Sometimes it’s the most utilized parts of the house that get the least amount of attention, or at least forethought. Staircases take you from floor to floor, but in well-designed homes they can be so much more. They help create a dramatic entrance or blend perfectly into the design scheme.
One false move with the measuring tape and that crucial part of your house can be a sore sight for those with exacting eyes or even worse, a creaky nuisance.
“Stair building is really a precise craft,” says Steven Lang, who has been creating custom wood stairs, railings, turnings, and millwork for 25 years. “It’s got to be right or it’s wrong. It looks good or it looks sloppy.”
He has seen jobs where there are crooked posts, railings that are not level, posts that are not squared up correctly. “If you walk in a house you can see if a post is square with the staircase,” he says.
“Sheetrock and framing — you can be off a little and then cover it up. Stairs, railing and cabinetry, there’s no covering up.”
“A lot of jobs are filled with putty or shims,” he says, adding putty shouldn’t be allowed on a job. “The cuts are not exactly perfect — this is not a piece of Sheetrock,” he says. “You start finding other things that are not neat. It’s a domino effect. What else is off?”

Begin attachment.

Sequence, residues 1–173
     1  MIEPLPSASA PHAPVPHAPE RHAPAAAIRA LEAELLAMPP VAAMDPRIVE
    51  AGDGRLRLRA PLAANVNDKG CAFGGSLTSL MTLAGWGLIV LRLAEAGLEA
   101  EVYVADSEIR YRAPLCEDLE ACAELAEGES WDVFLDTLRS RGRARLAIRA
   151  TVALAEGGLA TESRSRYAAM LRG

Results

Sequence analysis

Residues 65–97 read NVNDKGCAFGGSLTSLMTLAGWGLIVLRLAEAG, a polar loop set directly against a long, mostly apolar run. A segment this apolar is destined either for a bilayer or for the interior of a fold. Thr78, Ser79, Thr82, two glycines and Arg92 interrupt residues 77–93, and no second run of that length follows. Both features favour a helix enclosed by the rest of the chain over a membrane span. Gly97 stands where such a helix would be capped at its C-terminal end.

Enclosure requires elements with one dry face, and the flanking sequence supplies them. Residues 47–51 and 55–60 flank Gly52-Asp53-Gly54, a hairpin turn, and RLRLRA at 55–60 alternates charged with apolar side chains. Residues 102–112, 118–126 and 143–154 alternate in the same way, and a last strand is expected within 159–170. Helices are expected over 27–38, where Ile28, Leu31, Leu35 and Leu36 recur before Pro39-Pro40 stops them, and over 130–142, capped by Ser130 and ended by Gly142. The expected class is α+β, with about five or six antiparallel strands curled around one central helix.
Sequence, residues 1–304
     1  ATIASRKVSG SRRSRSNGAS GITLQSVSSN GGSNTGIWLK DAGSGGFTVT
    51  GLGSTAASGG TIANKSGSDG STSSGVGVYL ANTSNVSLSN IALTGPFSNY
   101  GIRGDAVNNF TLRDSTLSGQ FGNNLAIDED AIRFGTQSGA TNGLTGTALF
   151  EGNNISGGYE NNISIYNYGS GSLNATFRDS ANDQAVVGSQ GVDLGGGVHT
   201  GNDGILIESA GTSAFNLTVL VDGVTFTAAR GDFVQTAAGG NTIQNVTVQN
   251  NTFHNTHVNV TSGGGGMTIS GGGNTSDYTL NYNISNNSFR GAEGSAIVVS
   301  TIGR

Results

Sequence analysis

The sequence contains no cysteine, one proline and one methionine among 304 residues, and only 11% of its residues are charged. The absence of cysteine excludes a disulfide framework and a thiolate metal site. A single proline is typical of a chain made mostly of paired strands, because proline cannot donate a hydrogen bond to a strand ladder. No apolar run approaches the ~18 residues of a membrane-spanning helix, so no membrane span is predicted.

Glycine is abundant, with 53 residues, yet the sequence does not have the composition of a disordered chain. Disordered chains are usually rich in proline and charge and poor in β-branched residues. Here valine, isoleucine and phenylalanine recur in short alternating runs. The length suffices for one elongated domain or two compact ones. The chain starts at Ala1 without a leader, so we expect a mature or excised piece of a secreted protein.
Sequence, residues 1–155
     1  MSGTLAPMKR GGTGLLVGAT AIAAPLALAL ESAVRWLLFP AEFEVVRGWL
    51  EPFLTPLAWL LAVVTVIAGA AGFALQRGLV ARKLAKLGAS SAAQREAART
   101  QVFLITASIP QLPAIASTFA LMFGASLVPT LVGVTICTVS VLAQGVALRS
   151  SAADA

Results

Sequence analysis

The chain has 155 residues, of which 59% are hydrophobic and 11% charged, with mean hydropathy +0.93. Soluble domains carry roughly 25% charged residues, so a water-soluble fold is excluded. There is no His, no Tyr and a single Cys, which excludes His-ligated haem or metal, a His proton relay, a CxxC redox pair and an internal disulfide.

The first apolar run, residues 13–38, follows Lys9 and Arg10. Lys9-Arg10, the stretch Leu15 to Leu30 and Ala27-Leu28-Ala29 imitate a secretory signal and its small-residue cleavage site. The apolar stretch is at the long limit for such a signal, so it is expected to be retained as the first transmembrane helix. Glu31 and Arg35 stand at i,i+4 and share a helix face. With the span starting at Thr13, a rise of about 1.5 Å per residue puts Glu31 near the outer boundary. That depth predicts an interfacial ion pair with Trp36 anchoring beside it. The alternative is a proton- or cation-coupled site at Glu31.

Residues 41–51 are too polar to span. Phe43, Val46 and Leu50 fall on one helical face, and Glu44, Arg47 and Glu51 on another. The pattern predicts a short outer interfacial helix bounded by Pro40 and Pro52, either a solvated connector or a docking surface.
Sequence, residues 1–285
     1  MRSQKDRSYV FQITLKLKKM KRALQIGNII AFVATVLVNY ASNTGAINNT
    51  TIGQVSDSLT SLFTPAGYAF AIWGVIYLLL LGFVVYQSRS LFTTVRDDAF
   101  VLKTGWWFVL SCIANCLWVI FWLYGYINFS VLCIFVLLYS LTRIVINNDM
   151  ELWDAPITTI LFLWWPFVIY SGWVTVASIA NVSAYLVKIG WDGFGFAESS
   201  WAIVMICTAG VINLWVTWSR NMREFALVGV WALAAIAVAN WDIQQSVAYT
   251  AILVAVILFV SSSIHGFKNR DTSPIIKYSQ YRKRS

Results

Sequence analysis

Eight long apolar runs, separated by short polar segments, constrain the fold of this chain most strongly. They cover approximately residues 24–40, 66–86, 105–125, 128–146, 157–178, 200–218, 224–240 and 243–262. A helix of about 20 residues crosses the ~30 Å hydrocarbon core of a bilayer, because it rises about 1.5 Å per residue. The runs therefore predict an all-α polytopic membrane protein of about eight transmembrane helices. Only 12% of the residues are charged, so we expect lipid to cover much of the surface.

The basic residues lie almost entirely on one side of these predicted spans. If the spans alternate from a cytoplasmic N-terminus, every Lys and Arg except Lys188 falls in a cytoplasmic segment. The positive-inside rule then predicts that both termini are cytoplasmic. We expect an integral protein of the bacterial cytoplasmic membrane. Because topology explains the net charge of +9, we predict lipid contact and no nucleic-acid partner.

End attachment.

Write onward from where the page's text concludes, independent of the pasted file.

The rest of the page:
Lang always had an interest in carpentry, having done woodworking projects with his father and working with an uncle as a teenager. After six years in the Navy, he joined the carpenter’s union and later started his own company, Carpentry by Steven, that did general work. He exudes the look of an old-school carpenter right down to his denim overalls.
He came to realize he has a knack for wood stairs and railings. It came naturally to him. He enjoys the precision it requires.
“Like a doctor, a doctor’s a general, then you get a specialist,” he says, though he is one of the few carpenters working on Long Island that specialize in stairs.
Though he worked for a stair-building company on Long Island he eventually went out on his own, creating his own specialty business, Lang Stair & Rail Inc., in 2007. Lang oversees all of the building and installation, while his wife of 42 years, Susan Lang, who handles the bookkeeping and accounting.
Lang likes to come into a building project as early as possible, even before the house is framed so he can see
what the customer is hoping for ahead of time.
A lot of times, people try to “throw a staircase in there,” he explains. “A lot of times I’m pushed to the end of the job. Then it works, but it doesn’t look right with the whole aspect of the project.”
The best results come when designers and architects want “that perfect staircase” to fit in with the space.
“They want it to be part of the entryway, not just stairs to a second floor. I’m there when the plans are being
presented to the homeowner so they can make the changes before the house gets framed.”
Lang works a lot with homeowners one on one, showing them samples of posts and rails.
“We pick the posts that fit the space,” he says. “You really don’t want a post too big or too small. You want